Filed 12 October, 1955.
1. Divorce and Alimony 16 1/2 — While a consent judgment for alimony entered with the sanction of the court is a contract between the parties and cannot be amended without their consent, a decree of alimony granted in conjunction with a divorce a mensa et thoro, is subject to modification by the court from time to time as changed circumstances of the parties may reasonably require, and an order of the court increasing the subsistence upon the court's finding of changed conditions, supported by evidence, is within the sound discretion of the court. G.S. 50-14.
2. Divorce and Alimony 15 — While permanent alimony may not be awarded in this State upon a decree of divorce a vinculo, by express provision of G.S. 50-11, a decree of absolute divorce on the ground of two years separation does not impair or destroy the wife's right to receive alimony under a judgment or decree rendered before the commencement of the proceeding for absolute divorce. The 1955 amendment to G.S. 50-11, enlarging this proviso, held not applicable by reason of its express language.
3. Divorce and Alimony 13 — In rendering a decree of divorce a mensa et thoro, the court has power to decree that the husband should pay permanent alimony for the subsistence of the wife and their infant children. G.S. 50-14.
4. Same — The amount of alimony and counsel fees decreed upon a divorce a mensa et thoro, is a matter of judicial discretion.
5. Divorce and Alimony 16 1/2 — A motion in the cause is a proper procedure to obtain an increase for changed conditions in the amount of subsistence allowed a wife upon a decree of divorce a mensa et thoro.
APPEAL by plaintiff from Clarkson, J., August "B" Civil Term 1955 of MECKLENBURG.
Wm. H. Booe for Defendant, Appellee.
Hugh M. McAulay for Plaintiff, Appellant.
WINBORNE and HIGGINS, JJ., took no part in the consideration or decision of this case.
Motion in the cause to punish the plaintiff for contempt of court in wilfully failing to pay alimony for the support of his wife and children, as required by a judgment entered at the November Term 1941 of the Superior Court of Mecklenburg County, and to increase the amount of alimony, due to changed conditions.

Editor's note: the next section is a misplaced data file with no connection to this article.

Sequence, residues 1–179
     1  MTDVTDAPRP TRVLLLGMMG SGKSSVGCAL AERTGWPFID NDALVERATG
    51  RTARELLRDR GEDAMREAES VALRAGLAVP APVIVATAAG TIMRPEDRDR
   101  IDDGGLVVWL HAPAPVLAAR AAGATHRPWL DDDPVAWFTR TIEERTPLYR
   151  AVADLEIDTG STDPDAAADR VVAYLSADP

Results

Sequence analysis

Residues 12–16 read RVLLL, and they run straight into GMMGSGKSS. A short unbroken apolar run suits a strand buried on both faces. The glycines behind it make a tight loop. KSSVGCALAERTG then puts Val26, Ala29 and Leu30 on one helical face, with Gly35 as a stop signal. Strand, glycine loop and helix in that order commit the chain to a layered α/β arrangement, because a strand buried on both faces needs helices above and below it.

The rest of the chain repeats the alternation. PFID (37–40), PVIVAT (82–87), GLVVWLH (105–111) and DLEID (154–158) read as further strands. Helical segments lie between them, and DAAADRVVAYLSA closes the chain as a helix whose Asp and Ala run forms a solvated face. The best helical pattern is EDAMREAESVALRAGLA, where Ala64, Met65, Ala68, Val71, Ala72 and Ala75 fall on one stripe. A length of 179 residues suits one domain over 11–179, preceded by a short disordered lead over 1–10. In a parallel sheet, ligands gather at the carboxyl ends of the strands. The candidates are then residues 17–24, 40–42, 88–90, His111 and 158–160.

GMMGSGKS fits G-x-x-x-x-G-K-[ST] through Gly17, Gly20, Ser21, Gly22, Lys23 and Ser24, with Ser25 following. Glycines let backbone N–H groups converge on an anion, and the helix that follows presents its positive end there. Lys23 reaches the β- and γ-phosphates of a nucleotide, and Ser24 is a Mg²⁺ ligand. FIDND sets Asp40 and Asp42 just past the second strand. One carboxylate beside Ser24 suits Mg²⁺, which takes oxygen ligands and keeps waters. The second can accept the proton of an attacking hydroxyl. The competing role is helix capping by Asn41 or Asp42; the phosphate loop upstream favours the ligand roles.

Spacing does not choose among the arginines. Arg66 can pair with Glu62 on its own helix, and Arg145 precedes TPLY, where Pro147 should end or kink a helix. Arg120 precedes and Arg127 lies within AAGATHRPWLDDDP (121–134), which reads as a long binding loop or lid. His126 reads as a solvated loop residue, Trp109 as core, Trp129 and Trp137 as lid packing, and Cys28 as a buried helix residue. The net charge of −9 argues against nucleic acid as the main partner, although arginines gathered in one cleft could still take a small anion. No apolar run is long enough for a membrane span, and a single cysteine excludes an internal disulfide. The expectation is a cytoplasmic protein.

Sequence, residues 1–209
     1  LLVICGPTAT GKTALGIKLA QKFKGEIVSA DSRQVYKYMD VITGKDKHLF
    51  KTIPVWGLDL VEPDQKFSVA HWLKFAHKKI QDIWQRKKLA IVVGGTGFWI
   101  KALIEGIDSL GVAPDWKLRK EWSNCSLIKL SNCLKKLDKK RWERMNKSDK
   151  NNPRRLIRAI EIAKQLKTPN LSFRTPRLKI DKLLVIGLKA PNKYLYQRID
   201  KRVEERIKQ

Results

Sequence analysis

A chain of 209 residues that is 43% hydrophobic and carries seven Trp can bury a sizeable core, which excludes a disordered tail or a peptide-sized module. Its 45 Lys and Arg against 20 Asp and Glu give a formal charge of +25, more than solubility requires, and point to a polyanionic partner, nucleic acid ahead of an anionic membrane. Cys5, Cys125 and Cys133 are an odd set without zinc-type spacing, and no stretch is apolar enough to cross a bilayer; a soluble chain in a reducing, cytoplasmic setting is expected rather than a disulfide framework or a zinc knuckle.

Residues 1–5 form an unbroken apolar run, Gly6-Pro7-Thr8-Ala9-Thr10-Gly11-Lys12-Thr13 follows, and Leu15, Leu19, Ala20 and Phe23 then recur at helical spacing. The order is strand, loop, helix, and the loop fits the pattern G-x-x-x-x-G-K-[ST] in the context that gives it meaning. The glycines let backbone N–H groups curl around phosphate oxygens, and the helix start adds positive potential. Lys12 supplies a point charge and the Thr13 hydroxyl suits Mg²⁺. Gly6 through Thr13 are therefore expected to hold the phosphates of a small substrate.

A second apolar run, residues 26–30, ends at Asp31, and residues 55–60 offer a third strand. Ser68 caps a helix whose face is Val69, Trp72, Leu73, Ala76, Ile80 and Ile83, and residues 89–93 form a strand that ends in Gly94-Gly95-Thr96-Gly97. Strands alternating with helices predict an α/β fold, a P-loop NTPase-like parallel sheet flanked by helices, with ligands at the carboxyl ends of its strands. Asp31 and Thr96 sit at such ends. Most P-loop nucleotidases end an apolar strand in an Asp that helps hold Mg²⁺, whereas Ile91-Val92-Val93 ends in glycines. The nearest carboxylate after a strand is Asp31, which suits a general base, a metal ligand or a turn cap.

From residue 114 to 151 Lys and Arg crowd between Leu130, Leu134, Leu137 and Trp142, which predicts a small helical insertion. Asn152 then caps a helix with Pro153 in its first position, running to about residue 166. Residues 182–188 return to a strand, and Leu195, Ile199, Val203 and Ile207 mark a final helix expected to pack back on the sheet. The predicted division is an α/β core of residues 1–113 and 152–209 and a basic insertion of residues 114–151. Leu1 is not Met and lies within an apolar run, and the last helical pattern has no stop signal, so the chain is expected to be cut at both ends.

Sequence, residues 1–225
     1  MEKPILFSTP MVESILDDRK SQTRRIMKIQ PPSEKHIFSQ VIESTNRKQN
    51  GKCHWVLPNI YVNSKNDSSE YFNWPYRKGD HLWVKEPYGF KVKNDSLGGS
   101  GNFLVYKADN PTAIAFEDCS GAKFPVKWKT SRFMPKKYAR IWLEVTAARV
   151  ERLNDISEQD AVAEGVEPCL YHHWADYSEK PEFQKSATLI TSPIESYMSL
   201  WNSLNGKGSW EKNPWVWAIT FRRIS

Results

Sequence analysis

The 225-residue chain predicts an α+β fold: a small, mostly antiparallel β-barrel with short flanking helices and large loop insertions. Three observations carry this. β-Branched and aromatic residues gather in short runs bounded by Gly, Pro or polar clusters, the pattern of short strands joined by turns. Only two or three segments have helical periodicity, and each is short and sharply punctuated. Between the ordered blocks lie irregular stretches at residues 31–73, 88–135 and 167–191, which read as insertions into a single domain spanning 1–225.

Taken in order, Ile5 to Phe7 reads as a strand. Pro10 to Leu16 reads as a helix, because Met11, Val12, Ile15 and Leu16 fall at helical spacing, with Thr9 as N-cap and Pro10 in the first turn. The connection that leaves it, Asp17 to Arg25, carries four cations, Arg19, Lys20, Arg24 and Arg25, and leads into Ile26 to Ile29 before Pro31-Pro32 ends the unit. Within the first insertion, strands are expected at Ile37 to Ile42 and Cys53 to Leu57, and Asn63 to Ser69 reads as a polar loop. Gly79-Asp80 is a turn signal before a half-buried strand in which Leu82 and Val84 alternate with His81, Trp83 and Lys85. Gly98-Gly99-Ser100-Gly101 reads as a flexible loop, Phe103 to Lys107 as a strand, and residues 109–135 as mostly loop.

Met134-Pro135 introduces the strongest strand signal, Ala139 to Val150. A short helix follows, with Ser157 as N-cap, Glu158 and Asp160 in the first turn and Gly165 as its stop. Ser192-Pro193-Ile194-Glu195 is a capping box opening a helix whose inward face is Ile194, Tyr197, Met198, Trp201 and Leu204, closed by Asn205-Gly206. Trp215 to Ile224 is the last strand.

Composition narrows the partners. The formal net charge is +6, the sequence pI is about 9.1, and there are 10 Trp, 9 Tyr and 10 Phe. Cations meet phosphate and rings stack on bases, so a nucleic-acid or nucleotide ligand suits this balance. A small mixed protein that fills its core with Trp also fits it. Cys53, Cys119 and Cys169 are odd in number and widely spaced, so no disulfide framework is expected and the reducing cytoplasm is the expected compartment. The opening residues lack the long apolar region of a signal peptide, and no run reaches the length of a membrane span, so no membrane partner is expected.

In 1941 plaintiff instituted in Mecklenburg County an action for divorce a vinculo upon the alleged ground of a two-year separation. The defendant filed answer denying a two-year separation, and setting up a cross-action for divorce a mensa et thoro, for alimony and counsel fees.
At the November Term 1941 of the Superior Court of Mecklenburg County this action was heard upon the defendant's cross-action. The plaintiff failed to appear, and his action was nonsuited and dismissed. The verdict of the jury was that the parties were married, as alleged, that the plaintiff wilfully and maliciously, and without just cause, abandoned the defendant, and failed to provide adequate support for his wife and children begotten by him on her, and that both parties had been residents of North Carolina for two years prior to the commencement of the action. Judgment was entered on the verdict granting the defendant a divorce a mensa et thoro, and ordering the plaintiff to pay $15.00 per week for the support of defendant and the seven minor children born of the marriage, whose custody was awarded to her, and to pay counsel fees to her lawyer.
Subsequent to 1941 the defendant instituted, and procured a divorce a vinculo from plaintiff on the ground of a two-year separation.
The plaintiff filed an answer to the motion in the cause, which was served upon him, and the motion came on to be heard before Judge Clarkson. In the order entered Judge Clarkson found these facts: The plaintiff is not now in arrears in the payment of alimony, and is not in contempt of court. That of the seven children born of the marriage only two reside presently with defendant: that of these two, the eldest, who is 18 years of age, has had a job and will soon have another, which will be sufficient to support him, and the court does not at present undertake to compel plaintiff to support him. The youngest of the two children residing with defendant is 15 years old. In 1954 plaintiff had a gross income of $25,749.10, a net income of about $2,996.94, took an exemption in 1954 in his Federal Income Tax Return of $2,400.00, owns real property, a 1955 Oldsmobile automobile, a 1955 Ford automobile, a truck and other equipment, which he uses in his business. Plaintiff is a painting contractor, and is an able-bodied man. In view of the change in conditions since 1941, plaintiff is able to earn and to pay more alimony than $15.00 a week, and is earning and able to pay $25.00 a week for the support of defendant and their youngest child, which the court finds is reasonable and commensurate with plaintiff's ability to earn and pay. That defendant's counsel has rendered valuable services in representing her in the two hearings on this motion, and that $100.00 is a reasonable allowance for his services. Whereupon the court ordered that the plaintiff pay alimony for the support of defendant and their youngest child living with her $25.00 a week, and pay her counsel a fee of $100.00.
During the hearing before Judge Clarkson the parties admitted that the defendant had not remarried, and that all the children born of the marriage, except the 15-year old child living with defendant, had become self-supporting.
Plaintiff excepted to Judge Clarkson's order, and appealed, assigning error.
The appellant has no exceptions to the findings of fact of the court.
This single question of law is presented for decision: Can an award of subsistence for defendant and the children born of the marriage, decreed by the court under G.S. 50-14 in conjunction with a divorce a mensa et thoro, before the commencement of a proceeding by the wife for a divorce a vinculo under the provisions of G.S. 50-6, which she obtained, be increased in amount by the court in its discretion, on her motion in the action when and where subsistence was awarded, when changed circumstances of the parties reasonably require it?